Textbook Notes (363,507)
Canada (158,391)
York University (12,360)
Psychology (3,544)
PSYC 2110 (131)
Gillian Wu (18)

CH 7.docx

7 Pages
Unlock Document

York University
PSYC 2110
Gillian Wu

CH 7: SENSATION, PERCEPTION (S&P) AND LEARNING  Sensation: process which sensory neurons detect info and transmit them to the brain  Perception: interpretation of sensory input – to recognize, understand and know what you sensing o The question is, do infants perceive the world, or do they just sense it  Learning: process in which behavior changes bc of experience EARLY CONTROVERSIES ABOUT S&P DEV  Empiricist: ppl that believe an infant is tabula rasa – so they only learn to interpret sensation but there senses are already integrated at birth (James) o So dev is based on nurture  Nativist: ppl that believe perceptual ability is innate - built from evolution (Descartes and Kant) o Dev is based on nature  Enrichment theory: there is an objective reality to which we will respond, but sensory stimulation is often fragmented or confusing – in order to interpret the stimulation, we use our cognitive scheme to enrich our experience  Differentiation theory: sensory stimulation provides everything we need to interpret our experiences – our task is to detect distinctive features so we can discriminate one form of experience from another o When children’s perceptual capabilities blossom, they are able to start detecting more features to understand different stimulation RESEARCH METHODS USED TO STUDY THE INFANTS S&P EXPERIENCE  Preference method: child lies in a looking chamber while different visual patterns are presented to them above – if the child looked at one pattern more than another, its assumed that they show a preference o Determined that the ability to detect and discriminate patterns is innate o Problem was that if the child showed no preference was it bc they couldn’t discriminate or did they equally like both of them  Habituation method: most popular way to measure S&P in infants – infant is shown one stimulate until they habituate to it, then the 2 stimulus is presented (if they discriminate it from the first, then they will dishabituate – determined by them attending closely to the stimuli while having changes in heart rate) o If they fail to react, then it shows the differences is too subtle for them to react o Can be use on sight, taste, odors, sounds and touch o Problem w/ this is that when infants are too familiar w/ something they are ready to move on from it so spend less time looking at it; they stimuli should be familiar (but not too familiar w/ the stimulus)  Evoked potentials method: use brain waves to see if they can discriminate – different sights/sounds will produce different brain activity  High-amplitude sucking method: baby creates a baseline sucking rate, and if it increases when different stimuli are presented it determines that they can discriminate INFANT SENSORY CAPABILITES Hearing  Soft sounds adults hear need to be louder for a baby; although they can discriminate different sounds (loudness, direction, frequency and duration)  They are specifically attentive to high-pitched feminine voices – able to detect their moms voice to any other, perhaps bc they heard this most often when in the womb o As a fetus, if a passage is read by their mother or a stranger, the heart rate differed (learn sound patterns before birth)  Infants cannot detect emotion states from sounds – they rely on facial expression for this  Are able to discriminate basic speech sounds (phonemes)  Babies at around 4 ½ can recognize words they hear often (even if they don’t understand what it means just yet) Taste and Smell  Newborns can discriminate taste as sweet, bitter, salty or neutral; preference for sweet  Facial expressions will change if given different tastes  Newborns can also detect difference in odor – only after four days of birth, they already prefer the smell of milk to amniotic fluid  Newborns by 1 week can detect a difference in the smell of their mother to others (known as the olfactory signature) Touch, Temperature and Pain  Touch and close contact enhance dev in infants – lowers stress, calms and promotes neural activity  Infants at later ages also use touch to explore the environment – first w/ their mouths then later with their hands  Sensitive to warmth, cold and change in temp  Infants also respond to pain more as a newborn than when their older  Males that are circumcised normally emit high-pitched wails, similar to premature or babies that have brain damage VISION  Least mature sense of a newborns capability  The first 1-2 months, babies have a preference to track faces rather than objects (which eventually disappears)  Neonates can also see in colour, but have trouble discriminating blue, green and yellow from white (this improves rapidly – by 4 months they are able to group the same colour of different shading in the same group)  A neonates acuity is 20/600  Neonates also have trouble accommodating – changing the shape of their lens to bring things to focus (so they require more visual contrast to see things as clear as adults) o By 6 months acuity is 20/100 and by one year its average  Stimuli should not be to finely detailed and include a lot of dark and light contrast for a neonate to see them  Vision is based on experience-independent (how much they use vision) and also experience-dependent (synaptic reinforcement) mechanisms VISUAL PERCEPTION IN INFANCY Perception of pattern and form  Neonates prefer looking at things that have high contrast (with sharp boundaries separating light and dark), curvi-linear features, and moderately complex patterns o When they see something highly complex, they would probably just see a dark blob bc they cant accommodate yet  For infants to discriminate an object from the background, they rely on kinetic motion cues (something that is in the same view as the environment and isn’t moving will be thought to be part of the background) o Object movement is something that develops by 2 months – infants aren’t born with it  By one year, infants prefer looking at actual objects w/ different shapes (novel shapes) – find familiar things less interesting by this age  We are not able to fully process and discriminate critical info on faces until around mid-teen years Perception of 3-D space  Infants younger than 2-3 months do not experience stereopsis (creation of depth in an image) o This can be a reason for their difficulty of locating objects in space  Nativists argue that several cues for depth and distance are monocular so infants can see a little i.e. mother moving towards and away from them  Artist use pictorial cues (monocular illusions on 2-D to appear 3-D) – different ways of doing this o Linear perspective – making linear objects converge as they reach a horizon o Texture gradients – giving more detail to objects that are nearby o Sizing cues – drawing distant objects bigger than further ones o Interposition – making a near figure obstruct the view of a further one o Shading – varying the light of an objects surface to create depth  If infants detect these, then they can see 3-D from the start  Here are 3 programs of research to determine when infants perceive depth and can make inferences about size and spatial relations Size constancy  Visual looming: effect where infants blink more when something is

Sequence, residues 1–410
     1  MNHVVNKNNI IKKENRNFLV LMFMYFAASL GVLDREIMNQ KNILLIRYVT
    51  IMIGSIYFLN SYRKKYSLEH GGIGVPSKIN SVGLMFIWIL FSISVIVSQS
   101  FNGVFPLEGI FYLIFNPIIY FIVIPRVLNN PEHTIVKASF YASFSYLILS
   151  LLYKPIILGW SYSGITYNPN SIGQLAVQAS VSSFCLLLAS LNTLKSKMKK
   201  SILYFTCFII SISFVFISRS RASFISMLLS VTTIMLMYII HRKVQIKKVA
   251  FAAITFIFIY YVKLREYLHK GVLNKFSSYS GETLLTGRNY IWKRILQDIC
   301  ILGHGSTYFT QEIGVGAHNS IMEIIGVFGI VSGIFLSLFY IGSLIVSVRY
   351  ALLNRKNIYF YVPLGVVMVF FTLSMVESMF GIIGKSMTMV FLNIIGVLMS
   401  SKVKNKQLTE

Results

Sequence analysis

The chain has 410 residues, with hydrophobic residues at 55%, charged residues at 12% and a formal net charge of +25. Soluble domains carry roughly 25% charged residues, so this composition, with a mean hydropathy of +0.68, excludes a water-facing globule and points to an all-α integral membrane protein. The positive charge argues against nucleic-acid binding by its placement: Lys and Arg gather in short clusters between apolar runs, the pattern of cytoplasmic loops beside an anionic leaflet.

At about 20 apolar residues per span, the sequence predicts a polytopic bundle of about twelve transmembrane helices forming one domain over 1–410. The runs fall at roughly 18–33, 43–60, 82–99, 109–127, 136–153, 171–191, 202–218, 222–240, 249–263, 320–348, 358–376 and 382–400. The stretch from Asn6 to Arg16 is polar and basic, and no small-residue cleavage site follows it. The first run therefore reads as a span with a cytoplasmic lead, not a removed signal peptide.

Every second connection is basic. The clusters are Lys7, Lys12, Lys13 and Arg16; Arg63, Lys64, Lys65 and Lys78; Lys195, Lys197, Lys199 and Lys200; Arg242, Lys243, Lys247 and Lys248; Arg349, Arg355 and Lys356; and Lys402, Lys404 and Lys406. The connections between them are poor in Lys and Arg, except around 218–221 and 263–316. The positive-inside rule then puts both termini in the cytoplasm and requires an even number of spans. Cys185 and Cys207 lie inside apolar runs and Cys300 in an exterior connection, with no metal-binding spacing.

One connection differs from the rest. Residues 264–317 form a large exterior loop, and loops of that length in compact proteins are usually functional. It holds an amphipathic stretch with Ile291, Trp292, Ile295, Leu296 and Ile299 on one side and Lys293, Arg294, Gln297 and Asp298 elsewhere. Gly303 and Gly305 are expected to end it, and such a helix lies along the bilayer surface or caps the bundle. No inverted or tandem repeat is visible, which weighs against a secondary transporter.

More Less

Related notes for PSYC 2110

Log In


Don't have an account?

Join OneClass

Access over 10 million pages of study
documents for 1.3 million courses.

Sign up

Join to view


By registering, I agree to the Terms and Privacy Policies
Already have an account?
Just a few more details

So we can recommend you notes for your school.

Reset Password

Please enter below the email address you registered with and we will send you a link to reset your password.

Add your courses

Get notes from the top students in your class.